DXOMARK uses the device’s video (or browser) app to show dynamic content when measuring the device’s display for brightness, contrast, gamma, and color.
As with its gallery app (single image) performance, the Xiaomi Black Shark 3 Pro display is too dark when watching videos, as you can see in the comparison shots below:
Furthermore, while it’s not alone in turning in a subpar performance for this sub-attribute, another consequence of the Xiaomi Black Shark 3 Pro low brightness is that it also struggles with contrast, displaying highlights that are far too dark in a frame that is already nearly invisible:
As for video gamma, and in keeping with its brightness and contrast results above, the Black Shark 3 Pro renders flat mid-tones, almost as if the gamma were centered on the darkest tones. For video color, however, the news is even worse, as our testers found the display’s brightness is too low to perform any video color rendering analysis, including for skin tones (second set of photos below).
Black Shark 3 Pro
Compared to other attributes, the Xiaomi Black Shark 3 Pro did well for motion, tying for second with the OnePlus 8 Pro in our rankings so far. It objectively displayed very few frame drops at either 30 or 60 fps (FHD/SDR content), and no frame drops were perceptually visible during gaming. There were, however, some frame duplications that resulted in some noticeable motion blur.
Playback reactivity was slower than we expected, although the Black Shark 3 Pro can be quicker to react when moving the video slider.
Black Shark 3 Pro
For touch, too, the Xiaomi Black Shark 3 Pro is one of the three top scorers. While its sub-scores involving use cases processed with the gallery app (web browsing and viewing photos, for example) were not particularly impressive, its performance in our gaming use case, the Black Shark turned in a very satisfactory performance for accuracy, rubbing shoulders with both the Samsung and the Asus in this regard.
But if the Black Shark 3 Pro’s scores for accuracy were a bit average for gallery app uses (with the same being true for touch smoothness), our testers noted that the Black Shark had excellent touch smoothness when “driving” the car around in our use test based on a popular game — good news indeed for gamers!
Black Shark 3 Pro
The Black Shark 3 Pro doesn’t have a notch; instead, its front-facing features are located in a slender bezel above the screen, which slightly affects the screen-to-body ratio, calculated at 83.52%, but avoids any disturbance to gaming and video performance.
Although smartphone screens by their very nature all have some degree of reflectance, particularly in bright light, the Black Shark 3 Pro is unremarkably similar to other phones for this attribute.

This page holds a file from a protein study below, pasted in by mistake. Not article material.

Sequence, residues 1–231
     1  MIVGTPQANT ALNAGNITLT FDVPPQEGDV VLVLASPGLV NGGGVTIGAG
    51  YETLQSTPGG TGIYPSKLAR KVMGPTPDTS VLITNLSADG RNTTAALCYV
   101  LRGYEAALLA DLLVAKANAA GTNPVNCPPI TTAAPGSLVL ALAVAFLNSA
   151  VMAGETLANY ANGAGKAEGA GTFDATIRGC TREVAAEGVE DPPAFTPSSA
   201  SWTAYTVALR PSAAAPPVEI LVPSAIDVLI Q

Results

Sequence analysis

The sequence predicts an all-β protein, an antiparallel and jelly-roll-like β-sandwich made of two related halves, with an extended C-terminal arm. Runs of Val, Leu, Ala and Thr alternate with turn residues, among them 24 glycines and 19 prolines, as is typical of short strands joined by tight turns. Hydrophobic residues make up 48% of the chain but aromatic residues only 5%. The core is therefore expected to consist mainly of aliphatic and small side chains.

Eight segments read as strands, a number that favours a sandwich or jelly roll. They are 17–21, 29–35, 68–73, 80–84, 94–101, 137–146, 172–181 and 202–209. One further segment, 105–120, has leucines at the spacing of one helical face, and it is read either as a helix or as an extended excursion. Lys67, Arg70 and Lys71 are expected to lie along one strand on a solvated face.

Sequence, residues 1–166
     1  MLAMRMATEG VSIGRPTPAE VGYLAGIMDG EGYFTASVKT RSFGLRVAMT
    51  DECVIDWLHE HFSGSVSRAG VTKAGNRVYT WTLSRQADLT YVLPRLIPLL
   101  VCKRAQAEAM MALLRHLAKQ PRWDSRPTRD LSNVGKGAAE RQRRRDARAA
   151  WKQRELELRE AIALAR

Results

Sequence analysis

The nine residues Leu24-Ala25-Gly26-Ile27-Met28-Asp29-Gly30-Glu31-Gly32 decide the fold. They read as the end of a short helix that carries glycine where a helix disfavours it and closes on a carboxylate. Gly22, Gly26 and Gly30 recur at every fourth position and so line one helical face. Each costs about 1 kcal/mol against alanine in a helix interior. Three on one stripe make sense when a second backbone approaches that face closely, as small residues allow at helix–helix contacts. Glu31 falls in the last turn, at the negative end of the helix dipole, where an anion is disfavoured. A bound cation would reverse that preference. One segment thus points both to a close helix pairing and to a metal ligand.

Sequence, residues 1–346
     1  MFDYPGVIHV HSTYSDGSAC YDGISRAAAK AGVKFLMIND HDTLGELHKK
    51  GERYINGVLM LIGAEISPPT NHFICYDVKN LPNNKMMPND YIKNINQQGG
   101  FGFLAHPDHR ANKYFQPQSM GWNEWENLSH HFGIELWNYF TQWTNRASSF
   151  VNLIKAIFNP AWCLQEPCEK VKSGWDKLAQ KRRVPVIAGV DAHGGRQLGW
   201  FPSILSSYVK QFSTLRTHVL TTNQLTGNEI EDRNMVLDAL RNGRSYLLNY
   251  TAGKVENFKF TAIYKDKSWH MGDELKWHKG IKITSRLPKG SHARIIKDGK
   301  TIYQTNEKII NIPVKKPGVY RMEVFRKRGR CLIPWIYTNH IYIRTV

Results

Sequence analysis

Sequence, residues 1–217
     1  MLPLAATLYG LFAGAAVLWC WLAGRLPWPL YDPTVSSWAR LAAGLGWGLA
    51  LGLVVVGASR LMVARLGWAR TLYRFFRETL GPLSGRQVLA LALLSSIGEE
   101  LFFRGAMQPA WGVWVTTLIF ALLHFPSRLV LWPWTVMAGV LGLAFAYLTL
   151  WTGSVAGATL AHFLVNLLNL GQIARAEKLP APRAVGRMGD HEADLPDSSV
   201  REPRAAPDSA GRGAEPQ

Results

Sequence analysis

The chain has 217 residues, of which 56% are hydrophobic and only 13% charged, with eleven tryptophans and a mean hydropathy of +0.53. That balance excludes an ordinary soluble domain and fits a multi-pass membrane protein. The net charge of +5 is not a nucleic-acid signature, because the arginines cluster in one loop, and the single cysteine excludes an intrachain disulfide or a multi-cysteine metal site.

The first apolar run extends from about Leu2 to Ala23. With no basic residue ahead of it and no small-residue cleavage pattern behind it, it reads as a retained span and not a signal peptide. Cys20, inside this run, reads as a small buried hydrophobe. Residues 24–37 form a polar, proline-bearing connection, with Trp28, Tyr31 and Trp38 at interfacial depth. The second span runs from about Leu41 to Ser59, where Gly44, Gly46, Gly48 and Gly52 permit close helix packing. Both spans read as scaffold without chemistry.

All devices flicker to some degree; the Black Shark’s flicker is the worst of all tested devices so far, although it’s in the same general range as the Samsung and Asus; the Oppo is currently the best of the entire lot. This all said, flicker is not likely to affect most users’ viewing experience. (Click on any of the device names in the chart below to select or deselect them so you can see their individual results and/or compare one or more at a time as you wish.)
One of the Black Shark 3 Pro’s strongest showings in our tests was for its control of aliasing. All its competitor devices showed fairly strong “stair-stepping” along the curved contour edges in their images, but the Black Shark was by far and away much smoother, as you can see in the comparison closeups below.
When a user unintentionally touches the Black Shark (that is, makes a ghost touch), it responds when it shouldn’t. It manages judder well for content at 30 fps or 60 fps, but like many phones, it struggled just a little with 3:2 pulldown (that is, properly handling a mismatch between the refresh rate and the frame rate with 24 fps content), though users are unlikely to notice this — and in fact, it was the best among the four devices in this regard.
Although some gamers may be perfectly happy with it, dark rendering in every ambient lighting condition proved to be a major problem for the Xiaomi Black Shark 3 Pro in our display tests. Its major strengths, that of having good control over aliasing artifacts and good motion and touch performance, are also of more interest to gamers than to the typical end-user at large, who may find its shortcomings in other attributes too important to overlook.
- Good touch accuracy and smoothness, especially when gaming
- No visible frame drops when gaming and very few when watching videos
- Well-managed aliasing
- Readability is low because of low brightness.
- Overall video performance is low.
- Colors are not accurate.
- Some problems with ghost touches